All in all, seems worth the cash, although I would like to save a few thousand and get a Canadian one.

    A stripped Model 3 I would probably also like, but it will be years before that will be offered since they’ll put all the gadgets into the first few years models – so for the first few years there is no comparison price wise between the 3 and the Bolt since as far as I know you can get a stripped Bolt from day one.

    1. unlucky says:

      For a lot of things it handles better than an i3. But under heavy acceleration with the wheels turned the i3 is much better because the Bolt will spin one of its tires. Putting reasonable tires on it (not the high-efficiency ones) would probably bring this under control.

      Cosmetically I believe the only things the premier does is change the seats to leather, add the roof rails and add the little fabric cover over the hatch area. And you can add the latter as a dealer accessory if you want.

    2. Hot Potato says:

      The i3 is a city car; it’s a darty mess in the highway. The narrow tires follow every groove, the slab sides pick up every gust of wind, the steering has all the feedback of a Sega controller. It’s very much a purpose built car: incredibly relaxing to drive in the city, incredibly unnerving to drive on the highway. The Fiat 500e, itself a city car, seems more at home in either environment (much more so than the gasoline version; the extra battery weight tamps down some of the hobbyhorsing inevitable with an ultra short wheelbase).

  27. Stx says:

    “young company, lack of service infrastructure, low parts availability, lots of legislative battles ahead of it, etc.”
    Tesla is clearly committed to EVs and in this field has more experience than GM.

  28. cab says:

    It is funny (and perhaps a bit sad) to watch the EV discussions turn they way of EVERY car Forum I’ve ever been on. Basically, people start to align with a particular brand or model (the one they have purchased or plan to purchase). Most will willingly bash their own car if it has issues BUT if someone shows up to declare some aspect of “the competition” as “better”, well… Watch out!

    Camaro vs. Mustang, BMW 3 vs Audi A4, Leaf vs. Volt, Bolt vs. BMW i3 or Model S. Same old, same old but with a nice shade of green added for good measure in the EV space.

  29. Alex Venz says:

    Wow, I can’t say that I expected to end up in a post on InsideEVs… Eric, thanks for including posts that I made in the comments section to provide additional context alongside the video. This was the first review-ish video that I’ve done for an automotive product and I feel like I may have fallen a bit short on remembering to adequately convey my positive thoughts–your addition of remarks from the comments helps to balance that.

    1. danpatgal says:

      Hi Alex,

      Great video, actually. It was very informative, fact based, and neutral. It was also kind of personal, with eye rolls and expressions you won’t get from Consumer Reports. It made it kind of fun. Be sure to review the Model 3 whenever you get a chance!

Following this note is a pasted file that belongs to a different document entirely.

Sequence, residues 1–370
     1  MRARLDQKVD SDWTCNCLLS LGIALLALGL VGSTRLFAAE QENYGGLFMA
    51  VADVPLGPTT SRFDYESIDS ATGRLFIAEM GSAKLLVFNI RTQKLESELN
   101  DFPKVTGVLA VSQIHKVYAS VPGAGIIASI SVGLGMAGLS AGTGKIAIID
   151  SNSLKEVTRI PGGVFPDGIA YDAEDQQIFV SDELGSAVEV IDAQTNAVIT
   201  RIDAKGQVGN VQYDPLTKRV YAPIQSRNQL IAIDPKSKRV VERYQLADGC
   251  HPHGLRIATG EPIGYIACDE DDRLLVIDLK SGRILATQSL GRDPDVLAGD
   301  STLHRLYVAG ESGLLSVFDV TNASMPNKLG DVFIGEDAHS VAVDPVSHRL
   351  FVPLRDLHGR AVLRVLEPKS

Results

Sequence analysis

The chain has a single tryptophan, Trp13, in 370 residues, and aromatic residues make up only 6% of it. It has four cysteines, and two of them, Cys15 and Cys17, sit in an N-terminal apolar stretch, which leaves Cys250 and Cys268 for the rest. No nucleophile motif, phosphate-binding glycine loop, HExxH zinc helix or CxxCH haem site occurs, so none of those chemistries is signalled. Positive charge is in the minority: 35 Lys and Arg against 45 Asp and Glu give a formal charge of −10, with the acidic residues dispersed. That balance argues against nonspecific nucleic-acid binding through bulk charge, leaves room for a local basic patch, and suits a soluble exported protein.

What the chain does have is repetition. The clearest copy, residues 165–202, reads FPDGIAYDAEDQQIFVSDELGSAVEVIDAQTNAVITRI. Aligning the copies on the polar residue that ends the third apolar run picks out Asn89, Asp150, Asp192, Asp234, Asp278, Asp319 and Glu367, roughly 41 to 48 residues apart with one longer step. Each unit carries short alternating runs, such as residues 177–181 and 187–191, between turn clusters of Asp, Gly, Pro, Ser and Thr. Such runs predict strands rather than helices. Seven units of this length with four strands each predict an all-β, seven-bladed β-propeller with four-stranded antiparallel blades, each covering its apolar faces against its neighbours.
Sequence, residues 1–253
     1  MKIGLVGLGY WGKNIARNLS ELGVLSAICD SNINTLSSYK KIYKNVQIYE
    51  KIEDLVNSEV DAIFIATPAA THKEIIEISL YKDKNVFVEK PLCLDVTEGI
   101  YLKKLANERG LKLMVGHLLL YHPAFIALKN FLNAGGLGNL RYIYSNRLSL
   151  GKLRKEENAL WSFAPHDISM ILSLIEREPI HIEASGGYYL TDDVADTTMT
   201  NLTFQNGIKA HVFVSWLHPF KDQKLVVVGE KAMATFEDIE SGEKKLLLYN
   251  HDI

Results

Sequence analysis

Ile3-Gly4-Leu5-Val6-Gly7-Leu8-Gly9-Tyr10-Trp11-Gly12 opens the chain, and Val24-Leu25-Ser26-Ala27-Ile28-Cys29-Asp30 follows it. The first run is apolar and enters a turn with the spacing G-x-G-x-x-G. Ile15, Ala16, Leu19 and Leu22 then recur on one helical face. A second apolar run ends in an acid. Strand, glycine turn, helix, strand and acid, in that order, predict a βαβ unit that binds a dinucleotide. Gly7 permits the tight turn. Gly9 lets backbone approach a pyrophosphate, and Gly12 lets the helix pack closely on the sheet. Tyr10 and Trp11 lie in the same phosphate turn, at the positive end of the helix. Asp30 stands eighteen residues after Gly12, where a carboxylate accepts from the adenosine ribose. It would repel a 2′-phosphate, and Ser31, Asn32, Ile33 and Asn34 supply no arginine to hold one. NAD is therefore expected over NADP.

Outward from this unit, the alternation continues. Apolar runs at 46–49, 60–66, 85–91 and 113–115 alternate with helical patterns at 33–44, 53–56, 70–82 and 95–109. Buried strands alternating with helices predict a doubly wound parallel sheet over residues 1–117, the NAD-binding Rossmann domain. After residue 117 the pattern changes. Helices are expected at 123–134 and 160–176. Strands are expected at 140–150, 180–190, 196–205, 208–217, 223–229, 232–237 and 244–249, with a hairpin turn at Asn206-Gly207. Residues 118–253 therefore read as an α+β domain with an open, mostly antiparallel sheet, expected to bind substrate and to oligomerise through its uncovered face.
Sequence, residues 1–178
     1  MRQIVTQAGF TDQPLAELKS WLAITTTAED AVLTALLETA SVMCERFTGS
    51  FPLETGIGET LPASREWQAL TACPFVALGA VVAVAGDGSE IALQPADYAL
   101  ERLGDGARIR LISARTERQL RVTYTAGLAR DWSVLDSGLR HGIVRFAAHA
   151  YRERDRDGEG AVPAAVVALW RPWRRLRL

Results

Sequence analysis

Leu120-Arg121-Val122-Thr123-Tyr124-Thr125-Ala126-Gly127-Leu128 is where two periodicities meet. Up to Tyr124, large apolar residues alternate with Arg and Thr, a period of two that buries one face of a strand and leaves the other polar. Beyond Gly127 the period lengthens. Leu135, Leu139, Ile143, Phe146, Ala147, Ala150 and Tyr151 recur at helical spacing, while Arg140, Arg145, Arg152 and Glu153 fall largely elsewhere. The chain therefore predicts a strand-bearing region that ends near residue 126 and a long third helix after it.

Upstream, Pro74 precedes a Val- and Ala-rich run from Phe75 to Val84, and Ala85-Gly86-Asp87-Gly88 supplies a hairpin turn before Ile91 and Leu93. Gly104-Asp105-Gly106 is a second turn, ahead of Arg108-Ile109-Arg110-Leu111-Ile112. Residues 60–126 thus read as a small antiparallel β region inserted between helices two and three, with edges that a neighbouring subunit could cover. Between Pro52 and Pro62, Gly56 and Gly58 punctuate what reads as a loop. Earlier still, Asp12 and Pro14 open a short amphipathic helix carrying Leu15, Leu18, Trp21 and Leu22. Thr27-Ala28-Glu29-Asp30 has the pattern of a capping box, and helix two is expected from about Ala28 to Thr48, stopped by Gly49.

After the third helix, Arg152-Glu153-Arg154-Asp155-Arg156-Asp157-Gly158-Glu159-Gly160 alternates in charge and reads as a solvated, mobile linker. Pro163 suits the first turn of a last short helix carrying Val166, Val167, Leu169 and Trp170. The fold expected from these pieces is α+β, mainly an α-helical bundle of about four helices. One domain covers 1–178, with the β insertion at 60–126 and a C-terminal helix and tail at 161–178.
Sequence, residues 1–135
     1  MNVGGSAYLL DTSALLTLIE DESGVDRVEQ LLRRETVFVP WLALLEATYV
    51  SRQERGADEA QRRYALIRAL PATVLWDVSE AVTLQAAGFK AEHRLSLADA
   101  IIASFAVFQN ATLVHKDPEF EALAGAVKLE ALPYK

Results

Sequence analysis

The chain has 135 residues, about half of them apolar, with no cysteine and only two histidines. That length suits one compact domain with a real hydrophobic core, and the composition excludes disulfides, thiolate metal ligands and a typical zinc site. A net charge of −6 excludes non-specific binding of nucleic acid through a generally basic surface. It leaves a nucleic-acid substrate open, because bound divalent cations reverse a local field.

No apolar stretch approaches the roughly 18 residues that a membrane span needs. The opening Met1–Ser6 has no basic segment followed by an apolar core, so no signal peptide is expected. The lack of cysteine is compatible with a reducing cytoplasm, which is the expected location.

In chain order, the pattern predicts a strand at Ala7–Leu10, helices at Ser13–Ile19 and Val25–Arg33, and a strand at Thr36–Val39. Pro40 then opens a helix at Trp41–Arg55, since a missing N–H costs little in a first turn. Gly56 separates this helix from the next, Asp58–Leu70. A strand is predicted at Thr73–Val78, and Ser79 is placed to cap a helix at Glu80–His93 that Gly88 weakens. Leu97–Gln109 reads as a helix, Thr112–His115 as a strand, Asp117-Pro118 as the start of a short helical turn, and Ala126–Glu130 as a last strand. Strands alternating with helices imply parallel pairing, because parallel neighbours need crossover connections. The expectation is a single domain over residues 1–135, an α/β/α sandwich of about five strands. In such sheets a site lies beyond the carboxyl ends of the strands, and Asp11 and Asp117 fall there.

1. Alex Venz says:

        Thanks! I do certainly intend to make Model 3 videos… and as a day 1 reservation holder, current Tesla owner, and California resident, hopefully it won’t be that long of a wait? I know a lot of people are making videos based on speculation, but I don’t really see the point in that.

        1. Jay Cole says:

          Not to speak for Eric, but it was a pretty great/informative review, we felt it should be shared. Nice work putting it together, (=

    2. Hot Potato says:

      Great review! A couple of thoughts:

      Hilltop Reserve mode stops charging at 90ish percent, but it looks like you found this later.

      The cargo floorboard isn’t hinged because it’s intended not as a cover but as a false floor: remove it when you want a deeper cargo well, install it when you want a flat load floor with the seats down.

      There’s a Chevy app for trip planning and charger finding, and it projects to the vehicle’s center screen, but I have not seen it in action.

      Your thoughts on UI design were spot on, and welcome.

  30. Kincade Webb says:

    Did you try Apple CarPlay? I have a 2016 Volt and I tried CarPlay and was unimpressed. My biggest issue was Apple Maps vs. Apple Music. I could NOT figure out how to have the Apple Maps up and doing navigation and play music! I don’t think the iPhone can run 2 apps like that at once! So I was glad I bought the Chevy Nav. Since Bolt does not have it, I worry that it’s either/or. Anyone got experience with this?

    1. unlucky says:

      I use CarPlay to play music or podcasts from my phone and use maps at the same time all the time on my Bolt. And I did it on a Volt loaner (2017) I had too.

      Maybe your phone is running old software?

      1. Kincade Webb says:

        I’m up to date.. guess I’ll try it again. Do you start playing Music then hit Apple Maps? Does the order matter?

    2. Hot Potato says:

      The iPhone should be able to do true multitasking with native apps. So Apple Music (blech) and Apple Maps should coexist fine; but maybe not Spotify and Apple Maps. Or so we have been told. Based on your experience it ain’t necessarily so; now I want to try it!